Parenting In Focus: Discipline should begin early

When most of us think about discipline we don’t usually think of disciplining infants. However, as your child turns one, it is appropriate to begin thinking about teaching your child self-control.

Remember that discipline is a teaching tool; it is not punishment. Just as you do not wait until your child is ready for school to begin reading books with him, now is the time to begin teaching limits.

At this young age, discipline techniques may include the following:

• Ignoring the behavior (Pretend he didn’t do anything wrong.)

• Distracting him (Give him another toy while taking away what you don’t want him to have.)

• Changing the scenery (Take him for a walk or a ride.)

• Making the environment safer (This means baby proofing by putting away your nice breakable vases to a high shelf.)

If you begin setting limits about what is acceptable and what isn’t from an early age, when he is older he will know you have expectations for how he will behave.

One of the most significant issues about discipline happens when your little one enters preschool. Here there is sometimes hitting, shoving and even biting among the children. One child may be the problem. It can be upsetting if this one is your child.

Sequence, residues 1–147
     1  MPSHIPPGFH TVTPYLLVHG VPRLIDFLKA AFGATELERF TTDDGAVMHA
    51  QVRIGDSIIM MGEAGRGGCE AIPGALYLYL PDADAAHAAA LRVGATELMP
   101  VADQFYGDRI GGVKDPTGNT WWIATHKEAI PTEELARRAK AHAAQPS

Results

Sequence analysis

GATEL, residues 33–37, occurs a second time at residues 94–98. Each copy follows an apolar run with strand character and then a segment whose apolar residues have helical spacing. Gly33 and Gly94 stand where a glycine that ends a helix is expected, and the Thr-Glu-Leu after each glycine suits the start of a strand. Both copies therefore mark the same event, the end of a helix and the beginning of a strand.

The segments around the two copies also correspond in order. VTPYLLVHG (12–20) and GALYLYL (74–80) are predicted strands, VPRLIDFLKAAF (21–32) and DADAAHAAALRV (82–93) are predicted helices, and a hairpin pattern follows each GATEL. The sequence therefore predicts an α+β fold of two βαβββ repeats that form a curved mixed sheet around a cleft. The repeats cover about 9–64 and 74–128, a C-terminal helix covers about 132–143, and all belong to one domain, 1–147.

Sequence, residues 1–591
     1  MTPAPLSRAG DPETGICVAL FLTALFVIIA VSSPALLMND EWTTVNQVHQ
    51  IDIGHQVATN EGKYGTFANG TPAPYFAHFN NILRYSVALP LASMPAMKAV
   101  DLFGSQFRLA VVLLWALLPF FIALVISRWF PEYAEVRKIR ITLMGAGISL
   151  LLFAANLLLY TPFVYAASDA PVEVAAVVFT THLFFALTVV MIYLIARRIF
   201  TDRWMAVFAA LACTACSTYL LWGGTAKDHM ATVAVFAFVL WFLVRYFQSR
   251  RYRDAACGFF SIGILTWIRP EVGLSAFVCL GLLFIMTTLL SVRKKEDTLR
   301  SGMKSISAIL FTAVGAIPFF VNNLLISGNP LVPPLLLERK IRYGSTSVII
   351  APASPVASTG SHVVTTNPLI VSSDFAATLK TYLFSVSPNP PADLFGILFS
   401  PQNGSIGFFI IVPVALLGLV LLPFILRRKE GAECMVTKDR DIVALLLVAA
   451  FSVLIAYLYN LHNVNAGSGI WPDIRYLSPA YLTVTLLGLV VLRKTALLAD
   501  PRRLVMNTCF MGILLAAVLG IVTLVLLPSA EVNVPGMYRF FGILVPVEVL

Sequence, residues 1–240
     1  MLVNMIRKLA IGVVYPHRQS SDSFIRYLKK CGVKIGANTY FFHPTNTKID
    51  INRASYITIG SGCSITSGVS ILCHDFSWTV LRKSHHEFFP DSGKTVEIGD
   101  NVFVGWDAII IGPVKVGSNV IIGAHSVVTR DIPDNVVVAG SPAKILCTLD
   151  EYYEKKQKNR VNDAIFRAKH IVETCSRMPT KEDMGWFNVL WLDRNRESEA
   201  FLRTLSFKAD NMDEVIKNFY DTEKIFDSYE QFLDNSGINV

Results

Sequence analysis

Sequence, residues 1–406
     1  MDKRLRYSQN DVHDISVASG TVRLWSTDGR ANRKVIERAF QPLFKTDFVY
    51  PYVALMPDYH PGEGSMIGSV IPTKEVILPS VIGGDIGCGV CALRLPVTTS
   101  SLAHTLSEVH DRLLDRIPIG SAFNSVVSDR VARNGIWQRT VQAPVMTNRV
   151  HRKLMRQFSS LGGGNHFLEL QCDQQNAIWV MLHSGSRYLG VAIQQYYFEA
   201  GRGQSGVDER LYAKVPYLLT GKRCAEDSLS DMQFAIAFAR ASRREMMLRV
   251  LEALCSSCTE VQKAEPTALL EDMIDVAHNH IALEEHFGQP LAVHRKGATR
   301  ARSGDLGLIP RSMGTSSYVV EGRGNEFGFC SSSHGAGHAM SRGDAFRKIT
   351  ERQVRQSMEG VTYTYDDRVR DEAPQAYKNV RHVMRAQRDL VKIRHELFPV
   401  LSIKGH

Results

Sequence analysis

Here are some things you can do to improve his behavior:

• Work with his teachers to find a solution.

• Don’t be defensive. Be open to making changes in the way you deal with his behavior.

• Try to find out what triggers his outbursts and avoid those situations.

• Give him lots of praise for his good behavior.

• Read books with him that teach appropriate ways of playing with other children such as “Hands are Not for Hitting” by Martine Agassi, “Try and Make Me!” by Ray Levy and Bill O’Hanlon, or “Mom’s Guide to Disciplining Your Child” by Vicki Poretta and Ericka Lutz. There are many choices of books that deal with discipline issues.

• Consider alternatives before his behavior gets worse. Maybe a shorter time at a smaller home day care, or with a nanny or a family member will work better.

• Be honest about the problem if you change day care. Work with them on how to deal with him if the problem happens again.

Inappropriate behaviors of your child need to be dealt with if he is 1 or 5. Find out what works by trying different techniques. It is well worth taking the time in the early years. Read a book, talk to others, figure out early what you should do to make things better.

Things won’t get better if you don’t take action to make that happen.

Cynthia Martin is the founder of the First Teacher program and former executive director of Parenting Matters Foundation, which published newsletters for parents, caregivers and grandparents.